New county an­i­mal ser­vices di­rec­tor se­lected

‘My real pas­sion is an­i­mal wel­fare’



— County of­fi­cials an­nounced they have hired the for­mer Bal­ti­more County An­i­mal Ser­vices shel­ter di­rec­tor to as­sume the role of di­rec­tor of an­i­mal ser­vices in Ce­cil County ef­fec­tive May 9.

Abigail Light­ning-Bing­ham said Fri­day that she is al­ready look­ing for­ward to her new job.

She was se­lected for the


new po­si­tion from a field of about a dozen ap­pli­cants, ac­cord­ing to county staff.

“I’m elated to join this dy­namic team as we em­bark on de­vel­op­ing a pro­gres­sive an­i­mal shel­ter op­er­a­tion,” Light­ning-Bing­ham said Fri­day af­ter the county an­nounced its de­ci­sion to hire her.

Ligh­t­in­ing-Bing­ham has 19 years of ex­pe­ri­ence in an­i­mal care ser­vices, in­clud­ing her most re­cent po­si­tion as di­rec­tor of shel­ter oper­a­tions for Bal­ti­more County An­i­mal Ser­vices where she started last July. Prior to that, she served as ex­ec­u­tive di­rec­tor of the Oahu So­ci­ety for the Pre­ven­tion of Cru­elty to An­i­mals in Kapolei, Hawaii, and an­i­mal con­trol of­fi­cer/man­ager for the city of Col­lege Park in Mary­land.

She has a bach­e­lor’s de­gree in crim­i­nal jus­tice with a con­cen­tra­tion in an­i­mal law from the University of Mis­souri. She grew up in the Dun­dalk area of Bal­ti­more County and cur­rently lives in Har­ford County.

She will be em­ployed in the new an­i­mal care and con­trol di­vi­sion within the Ce­cil County Depart­ment of Com­mu­nity Ser­vices led by Di­rec­tor David Tro­lio. This marks the first time the county has not hired a pri­vate con­trac­tor to op­er­ate an­i­mal con­trol ser vices, but opted to make it a coun­ty­op­er­ated func­tion.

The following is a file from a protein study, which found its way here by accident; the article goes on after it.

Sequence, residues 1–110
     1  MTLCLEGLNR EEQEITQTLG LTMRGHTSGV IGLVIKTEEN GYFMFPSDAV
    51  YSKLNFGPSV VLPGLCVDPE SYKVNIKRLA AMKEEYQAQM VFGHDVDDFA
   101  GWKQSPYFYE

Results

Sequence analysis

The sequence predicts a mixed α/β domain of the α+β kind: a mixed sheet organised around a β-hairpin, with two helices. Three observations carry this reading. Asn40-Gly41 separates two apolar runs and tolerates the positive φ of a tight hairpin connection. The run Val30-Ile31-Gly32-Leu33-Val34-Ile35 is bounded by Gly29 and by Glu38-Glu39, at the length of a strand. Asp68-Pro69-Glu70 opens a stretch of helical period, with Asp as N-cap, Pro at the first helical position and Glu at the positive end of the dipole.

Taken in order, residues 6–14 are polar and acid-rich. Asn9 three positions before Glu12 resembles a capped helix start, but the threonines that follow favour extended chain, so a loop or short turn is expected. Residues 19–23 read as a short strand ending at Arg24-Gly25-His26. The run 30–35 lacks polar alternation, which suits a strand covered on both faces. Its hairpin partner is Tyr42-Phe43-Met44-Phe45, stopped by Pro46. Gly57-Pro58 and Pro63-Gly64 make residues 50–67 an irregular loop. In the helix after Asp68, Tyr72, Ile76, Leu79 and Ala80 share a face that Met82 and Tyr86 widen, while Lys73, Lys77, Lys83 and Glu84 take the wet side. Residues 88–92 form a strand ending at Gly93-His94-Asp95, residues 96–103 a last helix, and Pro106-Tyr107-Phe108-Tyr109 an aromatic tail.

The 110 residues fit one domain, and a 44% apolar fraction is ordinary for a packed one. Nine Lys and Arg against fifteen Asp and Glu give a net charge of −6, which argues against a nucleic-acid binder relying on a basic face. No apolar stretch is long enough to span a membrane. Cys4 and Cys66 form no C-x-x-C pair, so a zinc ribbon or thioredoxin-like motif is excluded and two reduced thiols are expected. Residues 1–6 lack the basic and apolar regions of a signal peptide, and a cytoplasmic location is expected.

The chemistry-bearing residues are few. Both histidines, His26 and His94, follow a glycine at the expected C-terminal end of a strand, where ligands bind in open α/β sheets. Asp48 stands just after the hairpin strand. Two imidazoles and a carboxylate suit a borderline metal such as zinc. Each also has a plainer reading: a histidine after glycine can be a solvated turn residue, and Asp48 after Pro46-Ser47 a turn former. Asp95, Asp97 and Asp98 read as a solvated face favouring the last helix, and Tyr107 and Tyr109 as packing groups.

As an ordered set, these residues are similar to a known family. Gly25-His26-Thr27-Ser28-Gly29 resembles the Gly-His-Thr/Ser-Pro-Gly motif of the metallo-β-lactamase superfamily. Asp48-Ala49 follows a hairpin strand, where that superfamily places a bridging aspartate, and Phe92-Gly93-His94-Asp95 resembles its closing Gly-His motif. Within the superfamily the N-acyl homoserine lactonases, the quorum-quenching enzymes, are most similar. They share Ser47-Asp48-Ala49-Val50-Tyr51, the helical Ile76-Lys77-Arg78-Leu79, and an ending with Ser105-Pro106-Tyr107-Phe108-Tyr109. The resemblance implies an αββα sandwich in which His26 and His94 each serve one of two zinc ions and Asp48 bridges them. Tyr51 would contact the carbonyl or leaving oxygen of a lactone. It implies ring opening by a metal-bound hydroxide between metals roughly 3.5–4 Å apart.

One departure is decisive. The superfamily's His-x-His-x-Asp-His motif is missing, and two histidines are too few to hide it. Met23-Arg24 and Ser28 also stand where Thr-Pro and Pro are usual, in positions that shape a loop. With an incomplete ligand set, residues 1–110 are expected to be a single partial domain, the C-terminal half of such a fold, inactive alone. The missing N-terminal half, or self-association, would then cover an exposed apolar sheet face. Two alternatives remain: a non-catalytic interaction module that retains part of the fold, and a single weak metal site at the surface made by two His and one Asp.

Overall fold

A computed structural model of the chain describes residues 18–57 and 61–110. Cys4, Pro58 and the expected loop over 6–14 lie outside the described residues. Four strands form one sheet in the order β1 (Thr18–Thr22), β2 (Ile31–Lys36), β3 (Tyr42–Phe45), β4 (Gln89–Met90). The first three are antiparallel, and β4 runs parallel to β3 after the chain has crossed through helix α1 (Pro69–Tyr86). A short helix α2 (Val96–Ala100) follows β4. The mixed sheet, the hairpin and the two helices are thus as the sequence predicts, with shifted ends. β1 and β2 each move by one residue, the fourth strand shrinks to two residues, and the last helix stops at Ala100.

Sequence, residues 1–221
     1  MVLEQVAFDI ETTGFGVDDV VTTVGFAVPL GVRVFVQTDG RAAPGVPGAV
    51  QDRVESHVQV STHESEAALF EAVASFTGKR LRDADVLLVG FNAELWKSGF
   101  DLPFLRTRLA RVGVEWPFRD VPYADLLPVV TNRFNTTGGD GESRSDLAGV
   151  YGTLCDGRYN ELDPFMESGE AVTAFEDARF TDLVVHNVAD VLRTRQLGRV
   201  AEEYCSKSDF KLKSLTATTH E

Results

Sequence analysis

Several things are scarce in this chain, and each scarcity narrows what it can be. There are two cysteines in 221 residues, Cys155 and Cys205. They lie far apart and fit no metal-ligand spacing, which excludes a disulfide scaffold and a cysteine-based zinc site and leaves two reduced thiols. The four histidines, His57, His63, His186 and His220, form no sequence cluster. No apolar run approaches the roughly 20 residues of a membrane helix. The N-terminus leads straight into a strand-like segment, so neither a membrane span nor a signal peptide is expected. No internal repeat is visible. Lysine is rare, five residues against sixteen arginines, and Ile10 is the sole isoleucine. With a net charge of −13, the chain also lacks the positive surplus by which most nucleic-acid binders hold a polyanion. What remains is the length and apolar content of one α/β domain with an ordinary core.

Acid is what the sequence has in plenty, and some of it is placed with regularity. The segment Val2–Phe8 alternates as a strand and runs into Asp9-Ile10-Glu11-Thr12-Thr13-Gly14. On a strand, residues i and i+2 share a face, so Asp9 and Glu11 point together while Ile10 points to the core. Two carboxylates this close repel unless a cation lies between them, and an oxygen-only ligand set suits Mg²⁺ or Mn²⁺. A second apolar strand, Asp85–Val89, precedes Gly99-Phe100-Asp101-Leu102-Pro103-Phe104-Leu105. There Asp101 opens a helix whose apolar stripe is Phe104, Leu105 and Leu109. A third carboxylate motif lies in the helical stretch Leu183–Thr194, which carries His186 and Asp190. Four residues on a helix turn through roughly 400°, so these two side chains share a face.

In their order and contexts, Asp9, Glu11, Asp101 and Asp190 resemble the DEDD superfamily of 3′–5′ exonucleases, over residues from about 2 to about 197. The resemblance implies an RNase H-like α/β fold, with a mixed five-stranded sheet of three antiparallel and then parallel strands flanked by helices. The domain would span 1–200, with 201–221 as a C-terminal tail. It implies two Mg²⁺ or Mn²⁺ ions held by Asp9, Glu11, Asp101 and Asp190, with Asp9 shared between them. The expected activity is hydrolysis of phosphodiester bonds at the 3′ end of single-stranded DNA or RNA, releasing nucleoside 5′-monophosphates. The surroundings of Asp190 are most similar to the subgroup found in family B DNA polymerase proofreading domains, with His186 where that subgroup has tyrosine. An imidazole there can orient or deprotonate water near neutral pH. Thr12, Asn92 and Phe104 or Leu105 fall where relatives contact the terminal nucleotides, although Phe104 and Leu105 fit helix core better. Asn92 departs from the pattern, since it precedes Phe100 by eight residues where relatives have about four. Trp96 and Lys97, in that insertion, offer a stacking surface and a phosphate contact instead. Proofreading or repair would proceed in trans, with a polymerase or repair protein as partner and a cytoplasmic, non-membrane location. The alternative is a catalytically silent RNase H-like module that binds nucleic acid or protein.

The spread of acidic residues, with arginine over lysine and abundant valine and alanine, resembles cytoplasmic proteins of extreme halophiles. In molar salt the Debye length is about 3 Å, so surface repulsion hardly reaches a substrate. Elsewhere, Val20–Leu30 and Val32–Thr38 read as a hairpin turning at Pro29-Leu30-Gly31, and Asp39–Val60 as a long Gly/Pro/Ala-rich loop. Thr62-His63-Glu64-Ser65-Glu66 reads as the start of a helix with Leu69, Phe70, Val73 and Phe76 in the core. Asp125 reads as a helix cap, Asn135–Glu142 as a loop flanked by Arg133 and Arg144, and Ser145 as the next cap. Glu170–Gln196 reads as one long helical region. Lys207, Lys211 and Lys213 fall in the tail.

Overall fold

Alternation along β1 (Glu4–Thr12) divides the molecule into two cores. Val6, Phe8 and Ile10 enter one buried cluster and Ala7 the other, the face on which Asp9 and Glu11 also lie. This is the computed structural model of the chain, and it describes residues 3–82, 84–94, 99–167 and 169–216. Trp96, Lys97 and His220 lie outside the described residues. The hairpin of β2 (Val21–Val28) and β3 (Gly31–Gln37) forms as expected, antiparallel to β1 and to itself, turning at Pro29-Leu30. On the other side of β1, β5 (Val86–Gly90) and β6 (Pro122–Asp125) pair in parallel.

“We are ex­cited to start this new chap­ter of an­i­mal ser­vices in Ce­cil County and Abigail brings an infusion of en­ergy and pas­sion to the ini­tia­tive,” Tro­lio said.

“I’m con­fi­dent in her and in the fu­ture of this new pro­gram,” County Ex­ec­u­tive Tari Moore added. “She has a wealth of knowl­edge and ex­pe­ri­ence that will make her a key player in the de­vel­op­ment of this di­vi­sion.”

As the new di­rec­tor of a new pro­gram for Ce­cil County gov­ern­ment, Light­ningBing­ham will be in­volved in pre­par­ing the newly-pur­chased fa­cil­ity, home to the for­mer SPCA of Ce­cil County on a 12-acre site south of Ch­e­sa­peake City on Route

213, for its new mis­sion.

Tro­lio said Light­ningBing­ham will work closely with the County Depart­ment of Fa­cil­i­ties Man­age­ment to out­fit the build­ing and she’ll di­rectly be in­volved in con­tract­ing with a vet­eri­nar­ian, hir­ing and train­ing staff, for­mal­iz­ing op­er­at­ing pro­ce­dures, do­ing com­mu­nity out­reach and ed­u­ca­tion, and

build­ing re­la­tion­ships with res­cues and vol­un­teer-based foster pro­grams.

Light­ning-Bing­ham will be con­duct­ing in­ter­views of po­ten­tial adopters and cre­ate and man­age a shel­ter vol­un­teer pro­gram af­ter the fa­cil­ity opens July 1. She will also be ex­pected to eval­u­ate each an­i­mal for adopt­abil­ity and net­work with res­cue groups, cre­ate adop­tion mar­ket­ing cam­paigns and ex­pand pre­ven­tion ef­forts in the com­mu­nity.

“I’m re­ally look­ing for­ward

to this op­por­tu­nity,” Light­ning-Bing­ham said. “It’s a great lo­ca­tion with so many op­tions for the an­i­mals.”

“My real pas­sion is an­i­mal wel­fare,” she added. “My mis­sion is to in­spire com­mu­nity sup­port as we work to achieve a ‘no-kill phi­los­o­phy’ and im­ple­ment pro­grams to pro­mote and pro­tect the hu­man-an­i­mal bond. This is an ex­cit­ing time for ev­ery­one and I’m ea­ger to de­vote my ex­per­tise and pas­sion to the peo­ple and an­i­mals of Ce­cil


Moore said that she be­lieved a Light­ning-Bing­ham was the right fit to build upon the county’s ser­vices.

“We rec­og­nize the im­por­tant role that an­i­mal care and safety plays in the lives of Ce­cil’s cit­i­zens and look for­ward to pro­vid­ing trans­parency, ac­count­abil­ity and pos­i­tive pre­ven­tion and in­ter­ven­tion pro­grams in new and cre­ative ways,” Moore said.


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